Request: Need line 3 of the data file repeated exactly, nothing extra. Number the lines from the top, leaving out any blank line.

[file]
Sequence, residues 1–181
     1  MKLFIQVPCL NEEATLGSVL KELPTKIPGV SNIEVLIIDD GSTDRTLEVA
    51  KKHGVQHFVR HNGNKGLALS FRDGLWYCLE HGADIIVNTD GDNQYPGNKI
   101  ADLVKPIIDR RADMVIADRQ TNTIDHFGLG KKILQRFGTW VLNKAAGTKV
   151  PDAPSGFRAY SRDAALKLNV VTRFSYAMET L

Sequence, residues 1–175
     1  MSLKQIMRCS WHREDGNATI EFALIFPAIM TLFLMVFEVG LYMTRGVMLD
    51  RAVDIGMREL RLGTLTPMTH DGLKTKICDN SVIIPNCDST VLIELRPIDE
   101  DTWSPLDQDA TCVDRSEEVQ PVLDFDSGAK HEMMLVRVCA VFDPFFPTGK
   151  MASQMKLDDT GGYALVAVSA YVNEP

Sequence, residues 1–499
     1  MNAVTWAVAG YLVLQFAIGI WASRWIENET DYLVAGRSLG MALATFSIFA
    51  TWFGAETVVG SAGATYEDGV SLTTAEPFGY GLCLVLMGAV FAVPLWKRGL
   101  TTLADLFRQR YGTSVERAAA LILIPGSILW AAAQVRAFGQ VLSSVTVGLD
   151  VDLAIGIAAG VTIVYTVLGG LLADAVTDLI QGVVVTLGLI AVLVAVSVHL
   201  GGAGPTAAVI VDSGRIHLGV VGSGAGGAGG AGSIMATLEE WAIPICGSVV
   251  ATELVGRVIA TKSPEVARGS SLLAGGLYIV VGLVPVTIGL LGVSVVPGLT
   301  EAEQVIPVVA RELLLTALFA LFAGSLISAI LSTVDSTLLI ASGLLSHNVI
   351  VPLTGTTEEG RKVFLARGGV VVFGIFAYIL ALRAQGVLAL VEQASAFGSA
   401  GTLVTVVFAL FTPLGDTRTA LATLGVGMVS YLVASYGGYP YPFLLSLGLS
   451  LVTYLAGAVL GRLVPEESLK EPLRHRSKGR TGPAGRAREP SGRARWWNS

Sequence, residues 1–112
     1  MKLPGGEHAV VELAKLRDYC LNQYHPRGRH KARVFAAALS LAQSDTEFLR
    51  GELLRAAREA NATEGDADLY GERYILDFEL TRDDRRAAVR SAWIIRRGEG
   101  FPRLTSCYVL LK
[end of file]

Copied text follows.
    51  KKHGVQHFVR HNGNKGLALS FRDGLWYCLE HGADIIVNTD GDNQYPGNKI